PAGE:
“Living Black History”: Local philanthropist Roland Parrish talks documentary, nonprofit work

Story by Whitney Carter. Photos provided by Parrish Charitable Foundation.

Ask Roland Parrish why teaching and learning Black history is important, and he will be very clear: “We support Black history and other minority groups when we can. I am living Black history.”

Roland Parrish, CEO and owner of Parrish Restaurants and founder of Parrish Charitable Foundation.

Roland has become a notable philanthropist and business mogul in North Texas. Originally from Hammond, Indiana, he attended Purdue University on academic and athletic scholarships. Today, he owns Parrish Restaurants LTD, which operates 24 McDonald’s throughout the metroplex. He is also the founder of the Parrish Charitable Foundation, which focuses on creating opportunities for children.

And as if Roland weren’t busy enough, he recently added “film director” and “screenwriter” to his list of accolades. His documentary, This Wall Must Come Down, was recently showcased at the Denton Black Film Festival.

“It is the story of Annie Burns Hicks,” Roland explains. “In the 1950s, she was a young lady who was denied the opportunity to become a teacher in my hometown of Hammond, Indiana. She eventually filed a lawsuit in Federal Court and won. The ruling in her favor cited the 14th Amendment of the Constitution of the United States of America.”

The 14th Amendment granted all citizens of the United States “equal protections under the law,” though many still experienced unfair treatment once it was ratified.

“She challenged the system and ignited the community. She created hope for the future generations,” Roland says. “It was important to document the history of my hometown, and it was a good story.”

According to Roland, the documentary only begins with the Burns family. It continues to tell the story of other “Black firsts” in the Hammond community, such as the first Black police officer and the first Black city councilman.

The documentary is a symbol of Roland’s impact on the community. Roland says he has worked tirelessly to continue to give minorities not what he considers a handout, but a hand up. He aims to support people like Annie Burns Hicks, who just wanted a chance. That same hope is what he is providing for so many today.

Roland has made it his life’s work to ensure he passes on his success to the next generation. Through the McDonald’s restaurants he owns and operates in Dallas, he has donated millions of dollars to education, especially in under-represented communities.

“It is important because [I think of] Luke 12:48, ‘to whom much is given, much is required.’ We opened [the first location on] Juneteenth 1989 in Pleasant Grove, a section of Dallas’s southern sector. We worked hard at being successful as a business, and we worked hard at becoming part of the community. We have grown from one location to now having 24 locations,” Roland says.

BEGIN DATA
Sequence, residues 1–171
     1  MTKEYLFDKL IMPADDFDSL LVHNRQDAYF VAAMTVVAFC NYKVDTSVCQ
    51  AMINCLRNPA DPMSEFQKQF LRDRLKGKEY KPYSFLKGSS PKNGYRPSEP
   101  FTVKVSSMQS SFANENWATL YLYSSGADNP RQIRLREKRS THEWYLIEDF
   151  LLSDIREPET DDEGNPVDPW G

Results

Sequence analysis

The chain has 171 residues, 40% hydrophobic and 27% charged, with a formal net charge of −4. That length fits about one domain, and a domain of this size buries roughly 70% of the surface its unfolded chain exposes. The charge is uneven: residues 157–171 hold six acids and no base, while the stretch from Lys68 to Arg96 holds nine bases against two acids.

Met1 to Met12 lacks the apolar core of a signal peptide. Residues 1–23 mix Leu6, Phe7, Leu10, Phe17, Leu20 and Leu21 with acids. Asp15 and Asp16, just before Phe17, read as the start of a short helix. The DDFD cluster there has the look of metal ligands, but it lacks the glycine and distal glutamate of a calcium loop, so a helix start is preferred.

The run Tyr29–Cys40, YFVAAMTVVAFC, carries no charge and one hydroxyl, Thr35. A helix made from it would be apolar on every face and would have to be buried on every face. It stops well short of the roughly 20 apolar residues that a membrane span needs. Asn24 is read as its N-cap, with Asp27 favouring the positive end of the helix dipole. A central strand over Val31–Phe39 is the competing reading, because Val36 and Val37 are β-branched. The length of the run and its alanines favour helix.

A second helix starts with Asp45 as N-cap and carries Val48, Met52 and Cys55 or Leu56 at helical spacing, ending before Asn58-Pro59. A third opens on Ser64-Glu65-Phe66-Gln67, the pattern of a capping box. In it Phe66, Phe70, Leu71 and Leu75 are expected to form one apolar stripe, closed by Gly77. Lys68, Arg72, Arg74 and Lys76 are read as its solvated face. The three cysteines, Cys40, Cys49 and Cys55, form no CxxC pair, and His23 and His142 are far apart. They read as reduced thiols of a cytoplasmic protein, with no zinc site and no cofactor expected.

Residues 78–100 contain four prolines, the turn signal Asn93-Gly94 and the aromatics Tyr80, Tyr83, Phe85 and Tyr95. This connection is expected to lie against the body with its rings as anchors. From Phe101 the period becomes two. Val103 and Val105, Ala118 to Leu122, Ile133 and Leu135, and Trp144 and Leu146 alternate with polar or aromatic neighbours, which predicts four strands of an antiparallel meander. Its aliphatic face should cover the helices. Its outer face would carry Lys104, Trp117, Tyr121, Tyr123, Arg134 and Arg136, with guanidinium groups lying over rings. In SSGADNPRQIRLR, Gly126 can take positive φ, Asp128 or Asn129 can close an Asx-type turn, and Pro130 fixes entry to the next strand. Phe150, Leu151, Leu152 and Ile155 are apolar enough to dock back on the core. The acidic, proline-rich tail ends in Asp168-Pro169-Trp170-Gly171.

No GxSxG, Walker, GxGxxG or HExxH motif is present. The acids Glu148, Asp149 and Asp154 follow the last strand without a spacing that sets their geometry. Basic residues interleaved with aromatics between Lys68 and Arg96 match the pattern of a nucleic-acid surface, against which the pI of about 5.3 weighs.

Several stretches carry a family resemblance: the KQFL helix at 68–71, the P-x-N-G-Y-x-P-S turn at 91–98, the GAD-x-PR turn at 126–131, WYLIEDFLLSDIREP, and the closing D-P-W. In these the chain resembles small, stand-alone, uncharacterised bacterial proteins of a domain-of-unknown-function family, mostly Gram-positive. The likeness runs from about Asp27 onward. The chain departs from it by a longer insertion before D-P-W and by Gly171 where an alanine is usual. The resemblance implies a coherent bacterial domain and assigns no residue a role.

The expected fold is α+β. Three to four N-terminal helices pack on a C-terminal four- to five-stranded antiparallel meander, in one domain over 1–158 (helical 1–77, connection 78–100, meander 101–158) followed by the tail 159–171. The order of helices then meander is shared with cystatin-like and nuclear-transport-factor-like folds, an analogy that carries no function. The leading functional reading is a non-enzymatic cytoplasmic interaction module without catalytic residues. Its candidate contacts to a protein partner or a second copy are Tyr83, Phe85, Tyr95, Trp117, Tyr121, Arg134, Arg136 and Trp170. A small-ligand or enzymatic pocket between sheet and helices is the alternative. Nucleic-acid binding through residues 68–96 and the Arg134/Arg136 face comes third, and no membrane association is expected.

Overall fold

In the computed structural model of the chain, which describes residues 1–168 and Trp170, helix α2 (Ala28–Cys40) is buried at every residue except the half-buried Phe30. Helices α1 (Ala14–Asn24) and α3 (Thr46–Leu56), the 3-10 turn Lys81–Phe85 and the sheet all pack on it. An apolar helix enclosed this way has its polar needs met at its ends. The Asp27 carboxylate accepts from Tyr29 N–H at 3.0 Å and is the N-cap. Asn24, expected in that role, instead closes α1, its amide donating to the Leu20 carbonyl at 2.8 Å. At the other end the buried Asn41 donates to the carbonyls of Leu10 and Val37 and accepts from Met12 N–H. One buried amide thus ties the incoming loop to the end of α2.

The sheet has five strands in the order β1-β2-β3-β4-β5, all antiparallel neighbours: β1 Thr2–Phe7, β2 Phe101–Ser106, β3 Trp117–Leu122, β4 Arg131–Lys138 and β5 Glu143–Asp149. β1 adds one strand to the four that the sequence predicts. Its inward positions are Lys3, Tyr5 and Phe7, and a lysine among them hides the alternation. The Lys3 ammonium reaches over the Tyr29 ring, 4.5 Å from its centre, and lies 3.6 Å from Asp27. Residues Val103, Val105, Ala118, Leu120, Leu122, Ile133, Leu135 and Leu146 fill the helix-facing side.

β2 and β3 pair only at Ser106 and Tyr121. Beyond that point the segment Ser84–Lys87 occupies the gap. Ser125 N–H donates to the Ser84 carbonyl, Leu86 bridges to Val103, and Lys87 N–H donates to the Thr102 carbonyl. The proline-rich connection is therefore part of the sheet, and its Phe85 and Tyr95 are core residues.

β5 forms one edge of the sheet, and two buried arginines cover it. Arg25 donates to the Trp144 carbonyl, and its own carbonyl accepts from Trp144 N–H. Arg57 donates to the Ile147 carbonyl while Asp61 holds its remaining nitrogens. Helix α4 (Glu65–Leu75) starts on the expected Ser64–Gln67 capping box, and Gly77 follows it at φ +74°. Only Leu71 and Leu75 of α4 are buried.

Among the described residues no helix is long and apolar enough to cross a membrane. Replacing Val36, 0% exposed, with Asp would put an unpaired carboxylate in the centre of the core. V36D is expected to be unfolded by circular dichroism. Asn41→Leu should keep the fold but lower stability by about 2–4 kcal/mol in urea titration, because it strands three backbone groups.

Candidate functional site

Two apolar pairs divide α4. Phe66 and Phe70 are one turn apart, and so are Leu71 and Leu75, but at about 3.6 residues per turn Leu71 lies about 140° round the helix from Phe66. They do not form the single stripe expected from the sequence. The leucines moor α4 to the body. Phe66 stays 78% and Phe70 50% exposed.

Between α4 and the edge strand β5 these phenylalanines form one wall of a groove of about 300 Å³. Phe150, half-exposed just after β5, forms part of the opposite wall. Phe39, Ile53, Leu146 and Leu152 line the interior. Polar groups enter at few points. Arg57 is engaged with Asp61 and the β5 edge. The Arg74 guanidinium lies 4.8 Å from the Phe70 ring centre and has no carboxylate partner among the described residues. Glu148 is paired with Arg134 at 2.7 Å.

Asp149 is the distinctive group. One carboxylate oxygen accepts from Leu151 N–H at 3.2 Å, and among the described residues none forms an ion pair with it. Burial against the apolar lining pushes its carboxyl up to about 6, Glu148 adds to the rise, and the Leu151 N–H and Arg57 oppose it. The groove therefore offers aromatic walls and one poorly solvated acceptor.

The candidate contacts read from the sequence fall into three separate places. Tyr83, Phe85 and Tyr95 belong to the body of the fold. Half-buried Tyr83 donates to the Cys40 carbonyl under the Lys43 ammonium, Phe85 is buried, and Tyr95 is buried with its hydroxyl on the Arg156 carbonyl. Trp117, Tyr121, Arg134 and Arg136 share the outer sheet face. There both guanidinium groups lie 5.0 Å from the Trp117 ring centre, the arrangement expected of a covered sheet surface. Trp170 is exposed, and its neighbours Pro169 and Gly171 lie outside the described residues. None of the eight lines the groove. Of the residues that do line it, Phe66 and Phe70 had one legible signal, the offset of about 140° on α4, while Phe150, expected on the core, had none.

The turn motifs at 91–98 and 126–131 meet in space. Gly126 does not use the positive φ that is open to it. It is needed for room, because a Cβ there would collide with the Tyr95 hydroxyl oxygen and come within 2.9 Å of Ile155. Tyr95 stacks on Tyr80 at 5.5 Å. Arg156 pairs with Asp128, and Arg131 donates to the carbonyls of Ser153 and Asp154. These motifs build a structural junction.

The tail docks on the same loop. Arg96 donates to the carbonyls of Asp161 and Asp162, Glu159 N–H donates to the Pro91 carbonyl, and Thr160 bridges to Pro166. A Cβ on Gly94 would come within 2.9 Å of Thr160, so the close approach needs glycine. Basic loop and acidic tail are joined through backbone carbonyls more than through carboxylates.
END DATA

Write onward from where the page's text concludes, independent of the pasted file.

For context, Juneteenth, now a national holiday, celebrates the day enslaved people in Texas finally found out they were free. That notice did not come for nearly two years after President Abraham Lincoln signed the Emancipation Proclamation, which freed those who were enslaved.

Roland says that everything he does is strategic. The decision to open his first McDonald’s in the Pleasant Grove community was intentional because it is an area he claims needed investment. That pattern of investment has continued over his tenure in Dallas.

“We support many organizations in Dallas/Fort Worth including: St Philip’s School and Community Center, Zan Wesley Holmes Community Center, the Dallas African American Museum Sports Hall of Fame, Dallas ISD Flo poetry scholarship competition, World Champion Texas Rangers Internship Program, we help to feed the hungry at Austin Street Shelter several times a year, Dallas Urban Debate Alliance and Scholarship Program, the Swim and Lifeguard Program at For Oak Cliff, just to name a few,” Roland says.

Roland’s love of education shines through specific moves he has made to continue to pour into his community. In 2022, he started the inaugural Roland Parish Band Competition, awarding 10 North Texas band programs $5,000 for their treasury departments.

He also collaborates with the Charley Pride Fellowship Program through the Texas Rangers Baseball Foundation. That program is named after the late country music legend Charley Pride, who has been honored as the first Black superstar in country music. The fellowship is a little more than two months, and it’s a paid internship. The focus is on boosting representation in the corporate offices of professional sports and not just on the field.

“We endowed a speaker series with St. Philip’s School and Community Center. This has been an excellent fundraiser for the school. We have had legends like Cecily Tyson, Shaquille O’Neal, Alex Rodriguez, and many more. This year, we are going to have LLCoolJ. We are very excited,” Roland says.

Roland truly is living in Black History, becoming the first Black person to have a facility named in his honor at Purdue University in appreciation of his financial contribution to support the management school library renovation.

According to the university, Roland’s company has consistently been among Black Enterprise magazine’s BE 100 as one of the Top 100 Black-Owned Businesses in the United States. He continues to be a role model to students that come through Purdue’s business program. 

As the Parrish Charitable Foundation website says, Roland is passionate about helping children and to instill in them the importance of higher education. His goal is for young people to capitalize on all opportunities presented to them, and where the opportunities are few, he wants to create more for them.

If you want to learn more or get involved, you can do so through the Parrish Charitable Foundation website. You can also stream his documentary, This Wall Must Come Down, on Vimeo.